“I am going to do it": The Complex Question of Action in Theology and Science in the Life of America's First Woman Minister, Rev. Antoinette Brown Blackwell (1825-1921)
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CitationHutton, Nancy Sue. 2015. “I am going to do it": The Complex Question of Action in Theology and Science in the Life of America's First Woman Minister, Rev. Antoinette Brown Blackwell (1825-1921). Doctoral dissertation, Harvard Divinity School.
AbstractAntoinette Brown Blackwell (1825-1921) became one of the most outspoken and remarkable women of her era: an ordained minister, a published author, a prominent public speaker, and a philosophical thinker whose writings described and explicated her syntheses of theology and science. Her life was punctuated by “firsts” that have significance within women’s history as evidence of female success in what were then male-dominated arenas. In this dissertation I propose that the arguments that Brown Blackwell presented on behalf of women’s rights can be understood as a synthesis of Rev. Charles Grandison Finney’s religious teachings around doing with science-based theories that she believed revealed validating evidence about women’s nature and abilities to do. After the publication of her book, The Sexes Throughout Nature (1875), her contributions to women’s rights movements and her books were less documented by historians, perhaps because she was less focused on suffrage. I argue that during that time, her contributions to woman’s rights were nevertheless significant as she worked among women who resonated with her religious sensibilities, agendas, and rhetoric: while many actively supported woman’s suffrage, most did not. In advancing woman’s rights, Brown Blackwell used rhetoric that synthesized her Finney-inspired ideals with her interpretations of science. This dissertation will add to the existing scholarship about women’s rights, by recognizing the existence and thoughts of the thousands of religious women who contributed to woman’s rights, even if they all did not support suffrage, as an outward expression of their inward piety.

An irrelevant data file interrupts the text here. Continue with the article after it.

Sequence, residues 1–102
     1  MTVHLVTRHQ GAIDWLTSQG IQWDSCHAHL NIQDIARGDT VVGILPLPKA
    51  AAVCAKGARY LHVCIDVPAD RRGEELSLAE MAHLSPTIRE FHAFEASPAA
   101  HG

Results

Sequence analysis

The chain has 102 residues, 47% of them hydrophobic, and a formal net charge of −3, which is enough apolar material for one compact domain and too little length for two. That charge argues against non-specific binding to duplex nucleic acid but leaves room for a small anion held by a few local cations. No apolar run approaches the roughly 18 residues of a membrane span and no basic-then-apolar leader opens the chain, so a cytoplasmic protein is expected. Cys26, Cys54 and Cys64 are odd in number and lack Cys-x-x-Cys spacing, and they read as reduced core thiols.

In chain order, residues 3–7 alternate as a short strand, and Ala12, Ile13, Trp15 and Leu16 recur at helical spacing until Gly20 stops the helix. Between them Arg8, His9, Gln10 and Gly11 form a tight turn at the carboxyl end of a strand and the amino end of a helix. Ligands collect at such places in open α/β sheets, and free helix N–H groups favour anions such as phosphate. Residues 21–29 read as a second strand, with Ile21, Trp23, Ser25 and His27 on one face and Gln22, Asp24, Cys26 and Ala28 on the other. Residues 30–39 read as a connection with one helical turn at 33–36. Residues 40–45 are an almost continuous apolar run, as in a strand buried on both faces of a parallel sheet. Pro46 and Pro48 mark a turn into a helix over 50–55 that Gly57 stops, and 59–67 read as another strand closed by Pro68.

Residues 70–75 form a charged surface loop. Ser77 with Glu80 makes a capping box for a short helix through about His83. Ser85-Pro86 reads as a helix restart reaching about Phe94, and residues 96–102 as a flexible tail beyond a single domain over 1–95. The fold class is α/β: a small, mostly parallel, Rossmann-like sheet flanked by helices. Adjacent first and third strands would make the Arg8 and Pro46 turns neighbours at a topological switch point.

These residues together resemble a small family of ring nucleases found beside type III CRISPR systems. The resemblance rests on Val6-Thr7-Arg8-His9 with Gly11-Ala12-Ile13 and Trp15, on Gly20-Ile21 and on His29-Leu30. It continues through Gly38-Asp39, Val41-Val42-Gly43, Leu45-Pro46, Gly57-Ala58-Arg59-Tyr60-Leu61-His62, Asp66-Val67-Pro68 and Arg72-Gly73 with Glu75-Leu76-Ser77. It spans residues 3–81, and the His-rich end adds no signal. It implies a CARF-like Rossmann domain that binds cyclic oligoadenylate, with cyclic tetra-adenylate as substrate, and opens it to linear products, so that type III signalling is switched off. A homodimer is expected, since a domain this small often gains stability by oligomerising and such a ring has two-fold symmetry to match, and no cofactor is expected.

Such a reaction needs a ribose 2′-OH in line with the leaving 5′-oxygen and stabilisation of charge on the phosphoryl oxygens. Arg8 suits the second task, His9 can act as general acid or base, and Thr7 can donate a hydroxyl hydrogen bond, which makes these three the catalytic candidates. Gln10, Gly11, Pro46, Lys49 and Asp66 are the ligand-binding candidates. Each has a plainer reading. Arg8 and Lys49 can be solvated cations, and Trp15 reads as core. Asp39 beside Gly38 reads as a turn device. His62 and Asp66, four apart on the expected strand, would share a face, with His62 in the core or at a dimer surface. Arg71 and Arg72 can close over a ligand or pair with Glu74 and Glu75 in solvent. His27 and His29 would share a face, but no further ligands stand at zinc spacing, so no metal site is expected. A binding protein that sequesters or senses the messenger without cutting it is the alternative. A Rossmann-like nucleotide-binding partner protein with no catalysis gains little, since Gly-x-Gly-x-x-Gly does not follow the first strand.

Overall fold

Citable link to this pagehttp://nrs.harvard.edu/urn-3:HUL.InstRepos:15821955